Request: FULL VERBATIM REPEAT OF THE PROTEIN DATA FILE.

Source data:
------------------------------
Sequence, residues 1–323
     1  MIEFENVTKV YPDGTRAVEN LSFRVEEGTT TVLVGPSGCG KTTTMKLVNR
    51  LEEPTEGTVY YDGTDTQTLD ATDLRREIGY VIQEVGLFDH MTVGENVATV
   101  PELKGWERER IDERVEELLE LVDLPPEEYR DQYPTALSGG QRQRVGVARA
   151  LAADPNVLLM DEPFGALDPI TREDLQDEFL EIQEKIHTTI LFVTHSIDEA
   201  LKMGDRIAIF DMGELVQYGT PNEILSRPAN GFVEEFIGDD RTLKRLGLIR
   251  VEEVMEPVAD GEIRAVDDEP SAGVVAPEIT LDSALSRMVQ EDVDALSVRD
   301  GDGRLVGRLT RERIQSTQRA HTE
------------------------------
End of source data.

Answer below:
Sequence, residues 1–323
     1  MIEFENVTKV YPDGTRAVEN LSFRVEEGTT TVLVGPSGCG KTTTMKLVNR
    51  LEEPTEGTVY YDGTDTQTLD ATDLRREIGY VIQEVGLFDH MTVGENVATV
   101  PELKGWERER IDERVEELLE LVDLPPEEYR DQYPTALSGG QRQRVGVARA
   151  LAADPNVLLM DEPFGALDPI TREDLQDEFL EIQEKIHTTI LFVTHSIDEA
   201  LKMGDRIAIF DMGELVQYGT PNEILSRPAN GFVEEFIGDD RTLKRLGLIR
   251  VEEVMEPVAD GEIRAVDDEP SAGVVAPEIT LDSALSRMVQ EDVDALSVRD
   301  GDGRLVGRLT RERIQSTQRA HTE